Exception filters

Topics: C# Language Design
Apr 5, 2014 at 1:38 PM
Edited Apr 5, 2014 at 1:38 PM
In the documentation stands:
Exception filters are preferable to catching and rethrowing because they leave the stack unharmed. If the exception later causes the stack to be dumped, you can see where it originally came from, rather than just the last place it was rethrown.
Isn't this the difference between 'throw' and 'throw e'?
try { … }
catch (MyException e) if (myfilter(e))  //untouched stack trace, C# 6
{
    …
}
While
try { … }
catch (MyException e) 
{
    if (myfilter(e))
      throw e;   //overridden stack trace
   
    …
}
But
try { … }
catch (MyException e) 
{
    if (myfilter(e))
      throw;   //untouched stack trace, C# 1?
   
    …
}
http://stackoverflow.com/questions/881473/why-catch-and-rethrow-exception-in-c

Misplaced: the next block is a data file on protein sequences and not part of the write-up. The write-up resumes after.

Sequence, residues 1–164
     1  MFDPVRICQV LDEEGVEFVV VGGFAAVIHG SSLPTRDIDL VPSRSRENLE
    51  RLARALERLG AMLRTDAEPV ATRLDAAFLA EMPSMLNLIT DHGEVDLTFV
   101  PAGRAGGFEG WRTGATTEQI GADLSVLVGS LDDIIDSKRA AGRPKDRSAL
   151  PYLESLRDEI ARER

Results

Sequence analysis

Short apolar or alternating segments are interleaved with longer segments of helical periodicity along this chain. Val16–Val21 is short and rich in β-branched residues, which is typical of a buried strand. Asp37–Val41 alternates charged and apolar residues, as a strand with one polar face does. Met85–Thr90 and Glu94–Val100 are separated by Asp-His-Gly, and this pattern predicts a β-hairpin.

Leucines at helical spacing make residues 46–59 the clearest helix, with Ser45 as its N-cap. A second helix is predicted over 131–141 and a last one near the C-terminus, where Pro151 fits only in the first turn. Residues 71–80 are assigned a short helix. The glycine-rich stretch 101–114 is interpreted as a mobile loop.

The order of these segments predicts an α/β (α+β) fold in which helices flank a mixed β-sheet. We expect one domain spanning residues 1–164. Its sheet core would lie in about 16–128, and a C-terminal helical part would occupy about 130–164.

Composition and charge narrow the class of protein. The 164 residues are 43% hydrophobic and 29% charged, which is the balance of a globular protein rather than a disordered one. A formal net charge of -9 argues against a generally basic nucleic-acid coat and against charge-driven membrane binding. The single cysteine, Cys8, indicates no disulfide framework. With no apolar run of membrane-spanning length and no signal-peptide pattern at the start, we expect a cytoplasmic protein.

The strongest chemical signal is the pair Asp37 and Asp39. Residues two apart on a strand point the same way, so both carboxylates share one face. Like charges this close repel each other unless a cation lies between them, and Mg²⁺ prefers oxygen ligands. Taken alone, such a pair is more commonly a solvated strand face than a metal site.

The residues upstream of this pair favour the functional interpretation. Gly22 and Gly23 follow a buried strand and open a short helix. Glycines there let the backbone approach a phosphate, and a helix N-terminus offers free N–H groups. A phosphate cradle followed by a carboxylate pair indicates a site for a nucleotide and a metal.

Apr 5, 2014 at 3:18 PM
No; the documentation refers to the actual callstack, while you’re thinking of the StackTrace property in the Exception object.

Imagine you have an unhandled exception. In such a case, the debugger tells you where the exception occurred.

Now imagine you have a catch clause somewhere with a throw; statement in it. Even though the Exception.StackTrace property tells you the whole stacktrace, the debugger now shows you the location of the throw; statement, not the location of the original exception.

The purpose of the filters is to allow the latter. The debugger would show you the actual location of the original exception.
Apr 5, 2014 at 4:10 PM
Sorry but I still don't get it. At least in Visual Studio I know just two places where you know the actual stack the error occurred:
  • The StackTrace property, for witch 'throw;' should be enough.
  • If you have have Debug > Exceptions > Break when an exception is > Common Language Runtime Exceptions > Thrown, then the a beautiful pop up shows in the exact callstack when then the exception is thrown, before any catch (or catch - if) has been executed.
I've actually tried:
        static void Main(string[] args)
        {
            try